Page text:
- Michigan, Illinois, Indiana, Wisconsin and Ohio Bell — were ‘Ameritech’ and it merged with SBC in 1999, which was renamed AT&T.
- “In July 2013, AT&T agreed to buy Cricket Wireless’ parent for $1.2 billion. — Wikipedia
Ameritech and Bellsouth were holding companies and controlled a collection of state telecom utilities, like Michigan Bell. Is AT&T using the state utility rights of way? How about — Do these funds go back to the utility?
And my jaw dropped when I saw AT&T dragging in ‘New Cingular Wireless’. Really? The brand ‘Cingular’ was killed off when it became AT&T Wireless — over 15 years ago.
Why, exactly is Comcast getting reimbursed to offer these services? Where’s any investigation into the made up fees like the Broadcast and Sports fee; Charter is charging over $19.00 extra a month in Brooklyn. Comcast must be doing something similar, as well as all of the AT&T broadband cableTV services in 21 states, like Michigan or Indiana.
Removing the made up fees alone would be at least $25+bucks in savings.
It is time for getting the billions back from these companies who didn’t show up — and created the Digital Divide, not worsen the situation but giving them billions in government subsidies.
And why is AT&T using these defunct entities to apply for government funds without the AT&T name attached?
These are the companies that filed, which are part of AT&T but were not identified as such.
This is a map of the AT&T territories, which covers 21 states and it appears that AT&T is applying using the old names of the companies, especially the utilities.
Pacific Bell and Nevada Bell made up “Pacific Telesis” on the left; in the middle was Southwestern Bell and above that was Ameritech, with BellSouth on the bottom right.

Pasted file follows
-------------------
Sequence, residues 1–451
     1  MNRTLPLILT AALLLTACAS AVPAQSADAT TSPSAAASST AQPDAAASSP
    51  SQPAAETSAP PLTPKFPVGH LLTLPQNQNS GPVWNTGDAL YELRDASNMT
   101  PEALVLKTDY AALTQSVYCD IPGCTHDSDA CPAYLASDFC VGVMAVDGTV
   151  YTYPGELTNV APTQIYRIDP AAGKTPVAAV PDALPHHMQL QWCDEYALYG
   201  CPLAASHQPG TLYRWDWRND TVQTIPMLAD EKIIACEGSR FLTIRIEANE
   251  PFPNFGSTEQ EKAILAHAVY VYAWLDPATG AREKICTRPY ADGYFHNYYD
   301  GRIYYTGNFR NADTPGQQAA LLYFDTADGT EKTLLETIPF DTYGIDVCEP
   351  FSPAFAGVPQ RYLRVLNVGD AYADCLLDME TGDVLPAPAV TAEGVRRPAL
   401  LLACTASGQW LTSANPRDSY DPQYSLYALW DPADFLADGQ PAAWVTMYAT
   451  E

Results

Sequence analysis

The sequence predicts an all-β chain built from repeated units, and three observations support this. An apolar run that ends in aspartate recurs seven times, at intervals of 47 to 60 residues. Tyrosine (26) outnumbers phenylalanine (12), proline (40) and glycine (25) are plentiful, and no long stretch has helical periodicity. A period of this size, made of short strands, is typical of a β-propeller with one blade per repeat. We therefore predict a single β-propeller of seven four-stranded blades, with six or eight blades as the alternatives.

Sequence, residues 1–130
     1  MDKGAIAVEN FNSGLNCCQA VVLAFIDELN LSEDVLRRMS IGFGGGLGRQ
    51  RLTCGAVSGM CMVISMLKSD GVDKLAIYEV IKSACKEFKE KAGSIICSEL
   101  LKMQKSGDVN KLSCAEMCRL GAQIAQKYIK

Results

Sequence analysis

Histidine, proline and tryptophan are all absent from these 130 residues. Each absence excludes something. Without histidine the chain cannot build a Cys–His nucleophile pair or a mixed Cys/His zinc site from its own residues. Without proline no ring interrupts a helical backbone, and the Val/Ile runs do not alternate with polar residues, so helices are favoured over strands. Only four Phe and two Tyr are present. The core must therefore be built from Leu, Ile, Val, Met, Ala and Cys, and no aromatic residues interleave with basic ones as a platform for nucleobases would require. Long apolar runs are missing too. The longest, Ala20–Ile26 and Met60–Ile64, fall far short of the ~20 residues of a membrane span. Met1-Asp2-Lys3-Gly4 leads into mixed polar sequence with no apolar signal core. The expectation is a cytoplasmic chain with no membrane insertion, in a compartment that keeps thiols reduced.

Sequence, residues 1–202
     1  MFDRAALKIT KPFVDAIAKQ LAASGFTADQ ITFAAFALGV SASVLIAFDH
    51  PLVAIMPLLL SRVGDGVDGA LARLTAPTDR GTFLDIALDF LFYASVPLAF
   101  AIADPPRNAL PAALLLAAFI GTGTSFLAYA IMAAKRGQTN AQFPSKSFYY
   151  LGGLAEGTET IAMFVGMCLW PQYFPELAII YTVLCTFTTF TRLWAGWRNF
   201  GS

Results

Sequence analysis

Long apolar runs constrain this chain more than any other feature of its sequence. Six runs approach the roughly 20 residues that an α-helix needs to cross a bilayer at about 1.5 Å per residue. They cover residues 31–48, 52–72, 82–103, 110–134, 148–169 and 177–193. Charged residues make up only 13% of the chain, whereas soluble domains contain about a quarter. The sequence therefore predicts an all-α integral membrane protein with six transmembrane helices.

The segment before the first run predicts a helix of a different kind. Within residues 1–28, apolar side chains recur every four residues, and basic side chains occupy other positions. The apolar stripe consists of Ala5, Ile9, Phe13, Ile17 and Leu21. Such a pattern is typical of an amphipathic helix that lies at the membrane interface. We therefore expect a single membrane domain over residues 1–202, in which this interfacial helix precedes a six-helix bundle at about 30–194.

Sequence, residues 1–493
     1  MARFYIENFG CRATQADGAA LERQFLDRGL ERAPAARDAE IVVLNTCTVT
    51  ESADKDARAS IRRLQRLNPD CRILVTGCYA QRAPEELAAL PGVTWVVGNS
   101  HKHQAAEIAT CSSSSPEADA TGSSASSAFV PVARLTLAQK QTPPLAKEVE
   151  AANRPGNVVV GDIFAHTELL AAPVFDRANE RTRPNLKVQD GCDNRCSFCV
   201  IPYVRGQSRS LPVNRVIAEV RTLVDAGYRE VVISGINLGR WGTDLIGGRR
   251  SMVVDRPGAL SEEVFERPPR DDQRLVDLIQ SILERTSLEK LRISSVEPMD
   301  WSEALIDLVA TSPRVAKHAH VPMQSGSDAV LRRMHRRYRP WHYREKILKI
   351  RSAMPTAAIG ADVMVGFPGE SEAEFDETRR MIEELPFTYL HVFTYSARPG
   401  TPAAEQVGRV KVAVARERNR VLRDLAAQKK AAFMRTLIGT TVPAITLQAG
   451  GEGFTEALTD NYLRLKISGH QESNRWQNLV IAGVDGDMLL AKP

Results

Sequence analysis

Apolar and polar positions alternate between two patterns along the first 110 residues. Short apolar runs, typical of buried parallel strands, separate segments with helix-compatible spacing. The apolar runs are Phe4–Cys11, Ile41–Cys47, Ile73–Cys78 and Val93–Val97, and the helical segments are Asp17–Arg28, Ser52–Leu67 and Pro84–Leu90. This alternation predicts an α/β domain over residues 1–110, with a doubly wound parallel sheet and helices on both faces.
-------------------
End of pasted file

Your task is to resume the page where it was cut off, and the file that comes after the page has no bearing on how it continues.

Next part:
Why is AT&T using these various companies and subsidiaries?
The Federal Communications Commission (FCC) is supposed to protect Americans by regulating the telecom industry. It has catered to the industry instead for decades (see 1, 2). During the Trump administration lawsuits were filed against the agency for NOT protecting the public from unsafe levels of cell phone and WiFi radiation as well as 5G on Earth (see 1, 2, 3, 4, 5) and in space. By amending the “OTARD Rule”, the agency has made it so private property owners may install 5G and WiFi antennas that will broadcast into their neighborhoods without obtaining a permit.
High speed internet is safer and more secure with a wired internet connection (see 1, 2, 3, 4, 5, 6, 7, 8, 9, 10). American opposition to 5G and other unwanted wireless installation continues to increase due to concerns about reduced property value (see 1, 2), public safety (see 1, 2, 3, 4, 5, 6), health (see 1, 2, 3, 4, 5, 6, 7), cybersecurity and environmental risks. Some opponents have described 5G installation as a form of “environmental racism.”
Opposition to 5G is worldwide and the majority of scientists oppose deployment. If you are opposed to 5G, sign and share this letter asking President Biden and Vice President Harris to stop deployment.
Activist Post reports regularly about unsafe technology. For more information visit our archives and the following websites.
Top image: Pixabay